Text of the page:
Arizona Couple Indicted for Selling Counterfeit Pills Made with Fentanyl, Pills Implicated in Death of Arkansas Man

Fentanyl pills seized in Buckeye, Arizona
Source: Maricopa County Sheriff’s Office

Jacob Medina and his pregnant girlfriend, Diane Erika Marin, have been arrested in connection with a counterfeit pill distribution ring that is allegedly responsible for killing an Arkansas man, the KATV reports.

According to KATV, the police stated that Medina and Marin are alleged to have sold counterfeit oxycodone made with fentanyl analogues to people all over the United States.  The couple was arrested at their home in Glendale, Arizona on March 4th.

ABC15 described how Medina and Marin allegedly bought counterfeit pills made with fentanyl on the Internet, and then mailed them to customers throughout the country. At least one package seized contained blue pills designed to look like oxycodone, but instead contained a fentanyl analogue.

According to Medina and Marin’s criminal complaint, some of the counterfeit oxycodone they were selling made it to a man in Conway, Arkansas who died on February 21, 2019.  Subsequently, the victim’s brother turned 19 blue, round pills stamped “M30”, that appeared to be oxycodone. Using the shipment information on the package of pills, postal inspectors were able to trace the package back to Medina and Marin’s Glendale address. Authorities ultimately seized nearly a pound and a half of fake oxycodone pills in searches of Medina and Marin’s home and place of business.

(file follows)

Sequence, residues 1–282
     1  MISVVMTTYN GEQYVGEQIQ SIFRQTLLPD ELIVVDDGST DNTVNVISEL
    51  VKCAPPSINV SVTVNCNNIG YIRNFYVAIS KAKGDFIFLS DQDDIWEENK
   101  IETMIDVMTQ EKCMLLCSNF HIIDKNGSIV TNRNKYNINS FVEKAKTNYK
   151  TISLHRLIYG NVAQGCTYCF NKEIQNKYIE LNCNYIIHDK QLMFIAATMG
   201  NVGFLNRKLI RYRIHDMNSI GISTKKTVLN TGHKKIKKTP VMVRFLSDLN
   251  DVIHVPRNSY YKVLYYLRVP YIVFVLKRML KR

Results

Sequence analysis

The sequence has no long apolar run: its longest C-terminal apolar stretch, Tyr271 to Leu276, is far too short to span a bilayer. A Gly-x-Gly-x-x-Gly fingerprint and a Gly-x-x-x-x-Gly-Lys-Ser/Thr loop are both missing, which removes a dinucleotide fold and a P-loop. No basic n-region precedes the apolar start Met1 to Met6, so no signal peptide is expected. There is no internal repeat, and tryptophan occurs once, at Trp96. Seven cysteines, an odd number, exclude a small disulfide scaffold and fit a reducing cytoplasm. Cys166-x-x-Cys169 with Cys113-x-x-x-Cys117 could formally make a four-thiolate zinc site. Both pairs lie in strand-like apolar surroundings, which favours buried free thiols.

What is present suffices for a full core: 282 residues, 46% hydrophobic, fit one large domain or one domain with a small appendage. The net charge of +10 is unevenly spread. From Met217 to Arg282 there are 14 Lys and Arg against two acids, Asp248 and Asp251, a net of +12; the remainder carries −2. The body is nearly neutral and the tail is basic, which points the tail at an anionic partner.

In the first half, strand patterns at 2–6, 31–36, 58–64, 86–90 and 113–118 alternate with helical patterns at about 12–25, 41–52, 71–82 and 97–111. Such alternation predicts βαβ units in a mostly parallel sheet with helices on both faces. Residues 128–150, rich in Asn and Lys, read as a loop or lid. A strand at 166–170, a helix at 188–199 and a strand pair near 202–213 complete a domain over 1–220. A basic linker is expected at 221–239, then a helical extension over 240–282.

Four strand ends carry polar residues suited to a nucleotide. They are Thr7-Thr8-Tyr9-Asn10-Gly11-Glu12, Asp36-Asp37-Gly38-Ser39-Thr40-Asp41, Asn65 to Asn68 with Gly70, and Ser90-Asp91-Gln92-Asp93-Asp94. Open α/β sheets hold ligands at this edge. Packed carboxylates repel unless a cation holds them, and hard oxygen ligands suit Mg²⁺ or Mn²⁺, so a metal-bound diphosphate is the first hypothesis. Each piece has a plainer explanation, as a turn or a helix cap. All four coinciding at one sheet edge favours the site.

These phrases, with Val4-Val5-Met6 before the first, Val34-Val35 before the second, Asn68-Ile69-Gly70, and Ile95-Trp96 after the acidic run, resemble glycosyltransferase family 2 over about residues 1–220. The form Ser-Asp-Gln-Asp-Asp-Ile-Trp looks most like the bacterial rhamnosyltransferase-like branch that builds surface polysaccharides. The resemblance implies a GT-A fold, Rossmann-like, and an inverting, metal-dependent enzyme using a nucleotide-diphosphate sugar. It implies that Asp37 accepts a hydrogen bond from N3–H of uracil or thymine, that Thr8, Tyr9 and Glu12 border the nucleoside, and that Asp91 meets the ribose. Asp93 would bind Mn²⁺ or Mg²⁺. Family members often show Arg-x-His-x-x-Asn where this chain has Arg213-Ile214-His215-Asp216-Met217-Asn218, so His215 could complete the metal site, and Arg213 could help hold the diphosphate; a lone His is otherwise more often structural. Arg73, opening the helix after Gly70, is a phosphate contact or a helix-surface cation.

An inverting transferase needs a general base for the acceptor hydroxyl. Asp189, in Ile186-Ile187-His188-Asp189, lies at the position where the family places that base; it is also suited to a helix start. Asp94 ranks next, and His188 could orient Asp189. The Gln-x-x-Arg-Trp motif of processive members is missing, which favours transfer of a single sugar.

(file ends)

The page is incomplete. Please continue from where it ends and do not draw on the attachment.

Doug Coleman, the Phoenix Special Agent in Charge for the Drug Enforcement Agency (DEA) told ABC15, “Just throwing these chemicals into a mix and stir it up with a spoon. The pill that you take one time has 1 mg on fentanyl in it, and you're fine. The next pill that you take that came from that same batch has 6 mg of fentanyl in it, and you're dead."